Watts et al. (2017) UK Qualitative Semi-structured interview with thematic analysis, guided by 3 main questions. Psilocybin 2 sessions: 10 mg & 25 mg. Sessions in a relaxed environment with music and 2 guides. Integration sessions post-treatment. Open-ended questions on psychedelic experience. Open-ended questions
Roseman et al. (2018) UK Quantitative Experimental within-subject design Psilocybin 2 sessions: 10 mg & 25 mg. Pre-session preparation. Music and support of a guide during the sessions. Integration with a psychotherapist. ASC, PQ QIDS-SR16, BDI, HAM-D, DAS, STAI, LOT-R, SHAPS. ≥50% from baseline considered a meaningful reduction in depression.
Uthaug et al. (2019) The Netherlands, Czechia, Spain Quantitative Observational with psychometric tools 5-MeO-DMT from the Bufo alvarius toad Various Czechia & the Netherlands: outside in nature; Spain: inside (tipi/rented house). EDI & 5D-ASC SWL, DASS-21, FFMQ-15, BSI-18
Kettner et al. (2019) UK Quantitative Observational with psychometric tools Psilocybin, LSD/1P-LSD, ayahuasca, DMT/5-MeO-DMT, Salvia divinorum, mescaline, ibogaine) Various Various, assessed for nature involvement. MEQ, EDI, CEQ. the WEMWBS, the short form of NR-6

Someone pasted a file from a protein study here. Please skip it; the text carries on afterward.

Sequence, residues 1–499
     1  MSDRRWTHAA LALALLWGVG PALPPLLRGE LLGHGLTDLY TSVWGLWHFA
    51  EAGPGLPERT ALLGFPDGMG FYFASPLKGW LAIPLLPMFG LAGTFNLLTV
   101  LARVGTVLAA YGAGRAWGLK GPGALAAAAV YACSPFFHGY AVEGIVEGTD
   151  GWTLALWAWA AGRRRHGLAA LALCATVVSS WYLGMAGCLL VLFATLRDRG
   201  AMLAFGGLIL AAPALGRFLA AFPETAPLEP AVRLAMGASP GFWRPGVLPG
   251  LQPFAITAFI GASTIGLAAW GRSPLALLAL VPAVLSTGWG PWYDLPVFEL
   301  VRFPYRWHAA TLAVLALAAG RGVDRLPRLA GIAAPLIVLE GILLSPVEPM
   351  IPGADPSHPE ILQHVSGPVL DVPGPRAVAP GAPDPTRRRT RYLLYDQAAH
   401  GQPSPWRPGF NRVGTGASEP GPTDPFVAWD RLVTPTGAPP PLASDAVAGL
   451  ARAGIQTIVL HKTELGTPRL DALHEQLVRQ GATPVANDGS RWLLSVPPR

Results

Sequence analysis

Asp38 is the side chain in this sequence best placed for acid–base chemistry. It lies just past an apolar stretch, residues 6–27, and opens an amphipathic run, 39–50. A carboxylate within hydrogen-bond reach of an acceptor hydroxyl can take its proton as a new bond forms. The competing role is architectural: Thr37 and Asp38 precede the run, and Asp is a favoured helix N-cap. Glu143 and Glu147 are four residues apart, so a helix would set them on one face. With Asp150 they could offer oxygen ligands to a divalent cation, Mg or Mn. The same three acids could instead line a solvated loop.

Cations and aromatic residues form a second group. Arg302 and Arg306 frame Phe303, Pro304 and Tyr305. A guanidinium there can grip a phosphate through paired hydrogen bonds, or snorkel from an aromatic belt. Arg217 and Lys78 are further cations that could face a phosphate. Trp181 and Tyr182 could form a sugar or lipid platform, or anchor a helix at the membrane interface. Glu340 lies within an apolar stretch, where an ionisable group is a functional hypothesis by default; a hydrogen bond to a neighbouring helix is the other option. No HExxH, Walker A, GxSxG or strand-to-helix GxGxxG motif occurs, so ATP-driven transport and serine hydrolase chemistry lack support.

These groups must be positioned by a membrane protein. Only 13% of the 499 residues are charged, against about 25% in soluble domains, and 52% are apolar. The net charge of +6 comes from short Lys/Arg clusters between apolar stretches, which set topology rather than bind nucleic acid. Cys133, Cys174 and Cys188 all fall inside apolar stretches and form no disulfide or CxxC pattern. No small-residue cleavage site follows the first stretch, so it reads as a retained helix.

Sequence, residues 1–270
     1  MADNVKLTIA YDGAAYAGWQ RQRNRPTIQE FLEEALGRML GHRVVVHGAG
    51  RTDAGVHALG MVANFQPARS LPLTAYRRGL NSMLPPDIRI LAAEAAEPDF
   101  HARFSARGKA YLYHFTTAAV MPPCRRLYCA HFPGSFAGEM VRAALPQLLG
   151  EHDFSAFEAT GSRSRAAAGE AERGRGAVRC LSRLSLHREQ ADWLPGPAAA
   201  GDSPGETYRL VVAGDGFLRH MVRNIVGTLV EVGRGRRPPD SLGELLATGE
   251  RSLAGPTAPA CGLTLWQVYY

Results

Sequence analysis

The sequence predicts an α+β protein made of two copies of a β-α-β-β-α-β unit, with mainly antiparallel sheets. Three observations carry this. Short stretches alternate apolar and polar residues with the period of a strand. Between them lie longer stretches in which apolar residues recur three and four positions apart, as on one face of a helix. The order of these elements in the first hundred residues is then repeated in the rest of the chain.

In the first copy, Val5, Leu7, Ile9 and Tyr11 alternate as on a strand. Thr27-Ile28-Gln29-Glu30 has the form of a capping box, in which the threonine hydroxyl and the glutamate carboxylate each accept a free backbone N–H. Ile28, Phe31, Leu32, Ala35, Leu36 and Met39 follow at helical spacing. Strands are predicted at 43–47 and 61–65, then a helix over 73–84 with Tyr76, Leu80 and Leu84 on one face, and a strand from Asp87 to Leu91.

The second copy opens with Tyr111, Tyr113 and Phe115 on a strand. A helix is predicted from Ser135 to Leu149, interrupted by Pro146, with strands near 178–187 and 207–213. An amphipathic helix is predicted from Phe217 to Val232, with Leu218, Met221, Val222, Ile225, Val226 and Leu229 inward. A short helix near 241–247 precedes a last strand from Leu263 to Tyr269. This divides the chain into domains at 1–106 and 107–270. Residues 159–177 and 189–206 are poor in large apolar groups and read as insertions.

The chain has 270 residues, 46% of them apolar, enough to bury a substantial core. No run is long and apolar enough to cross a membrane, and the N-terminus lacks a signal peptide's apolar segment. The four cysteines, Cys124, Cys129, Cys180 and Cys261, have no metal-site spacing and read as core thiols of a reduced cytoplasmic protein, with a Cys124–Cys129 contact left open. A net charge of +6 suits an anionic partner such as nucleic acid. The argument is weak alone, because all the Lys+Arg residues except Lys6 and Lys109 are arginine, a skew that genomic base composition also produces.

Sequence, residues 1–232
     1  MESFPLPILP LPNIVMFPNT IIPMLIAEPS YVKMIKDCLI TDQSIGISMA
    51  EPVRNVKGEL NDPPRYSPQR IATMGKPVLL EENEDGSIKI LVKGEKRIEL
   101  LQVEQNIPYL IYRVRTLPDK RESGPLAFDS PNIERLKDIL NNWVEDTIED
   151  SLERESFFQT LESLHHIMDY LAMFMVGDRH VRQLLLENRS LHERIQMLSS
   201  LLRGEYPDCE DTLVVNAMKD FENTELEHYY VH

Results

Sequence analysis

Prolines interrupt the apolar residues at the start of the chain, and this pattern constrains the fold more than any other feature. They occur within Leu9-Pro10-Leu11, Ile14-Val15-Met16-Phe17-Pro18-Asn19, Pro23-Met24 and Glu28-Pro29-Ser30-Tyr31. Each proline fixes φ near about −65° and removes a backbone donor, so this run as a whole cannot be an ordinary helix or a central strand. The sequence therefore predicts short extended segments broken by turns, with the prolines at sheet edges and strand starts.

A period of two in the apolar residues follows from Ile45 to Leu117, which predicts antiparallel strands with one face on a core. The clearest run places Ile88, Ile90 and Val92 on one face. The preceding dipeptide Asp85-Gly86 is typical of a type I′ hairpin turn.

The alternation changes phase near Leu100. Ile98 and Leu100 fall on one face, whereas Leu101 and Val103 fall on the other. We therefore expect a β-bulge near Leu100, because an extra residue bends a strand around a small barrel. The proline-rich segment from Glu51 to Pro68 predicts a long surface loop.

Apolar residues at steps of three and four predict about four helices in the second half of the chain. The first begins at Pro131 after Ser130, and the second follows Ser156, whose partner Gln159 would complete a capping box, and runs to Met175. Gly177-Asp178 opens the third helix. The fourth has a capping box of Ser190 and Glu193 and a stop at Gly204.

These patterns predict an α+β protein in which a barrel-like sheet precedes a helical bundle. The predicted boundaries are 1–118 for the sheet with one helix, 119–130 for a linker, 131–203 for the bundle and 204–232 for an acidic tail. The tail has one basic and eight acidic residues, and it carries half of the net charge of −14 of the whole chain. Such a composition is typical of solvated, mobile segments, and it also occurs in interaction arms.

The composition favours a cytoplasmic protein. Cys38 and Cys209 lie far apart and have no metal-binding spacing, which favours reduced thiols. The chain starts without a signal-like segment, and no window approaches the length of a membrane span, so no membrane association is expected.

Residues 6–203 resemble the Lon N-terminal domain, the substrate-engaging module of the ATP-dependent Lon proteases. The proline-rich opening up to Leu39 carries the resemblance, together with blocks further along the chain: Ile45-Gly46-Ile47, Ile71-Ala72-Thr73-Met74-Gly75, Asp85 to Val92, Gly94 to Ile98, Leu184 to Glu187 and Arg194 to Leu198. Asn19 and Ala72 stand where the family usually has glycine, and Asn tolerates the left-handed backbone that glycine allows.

Argento et al. (2019) Canada Qualitative Semi-structured interview with thematic analysis, guided by 3 main questions Ayahuasca 2 ceremonies, small glasses (50–100 mL). (1 participant took part only once.) A ceremonial ayahuasca retreat, intended to aid “working with addiction and stress”. Open-ended questions Open-ended questions
van Mulukom et al. (2020) UK & the Netherlands Quantitative Survey (descriptive account and several scales) Classic psychedelics (psilocybin, LSD, DMT, ayahuasca, mescaline, peyote or 5-MeO-DMT) Various Various AWE-S, EDI IOSS, ECQ, NPI13, Brief Sensation Seeking Scale
Uthaug et al. (2018) The Netherlands & Colombia Quantitative Observational with psychometric tools Ayahuasca 200 ml of ayahuasca of variable DMT, harmine & harmaline content Ceremonial EDI DASS-21, SWLS, Five Facets of Mindfulness
Belser et al. (2017) US Qualitative Semi-structured interview with IPA Psilocybin Within-subject placebo-controlled (2 sessions): psilocybin (0.3 mg kg−1) or placebo of niacin (250 mg). Laboratory (clinical trial at NYU) Open-ended questions Open-ended questions
Smigielski et al. (2019) Switzerland Quantitative Experimental, double-blind, placebo-controlled Psilocybin 315 μg kg−1 5-day mindfulness retreat 5D-ASC & M-scale 6h after FMI, TMS, MEDEQ. Long-term outcomes: LCI-R at 4-month follow-up.
Noorani et al. (2018) US Qualitative Semi-structured interview with thematic analysis Psilocybin 1st session: ∼0.29 mg kg−1 2nd & 3rd sessions: ∼0.43 mg kg−1. Smoking cessation pilot study between 2009 and 2015 at Johns Hopkins. Open-ended questions Open-ended questions
Agin-Liebes et al. (2021a) US Qualitative (enhanced with quantitative data from the original study by Anderson et al. 2020) Microphenomenological interviews (IPA) Psilocybin [ Anderson et al. 2020 (parent study):] 0.3–0.36 mg kg−1 Psilocybin-assisted group therapy for older long-term AIDS survivor men. Open-ended questions Open-ended questions (and PCL-5 & ICG-R from previous study)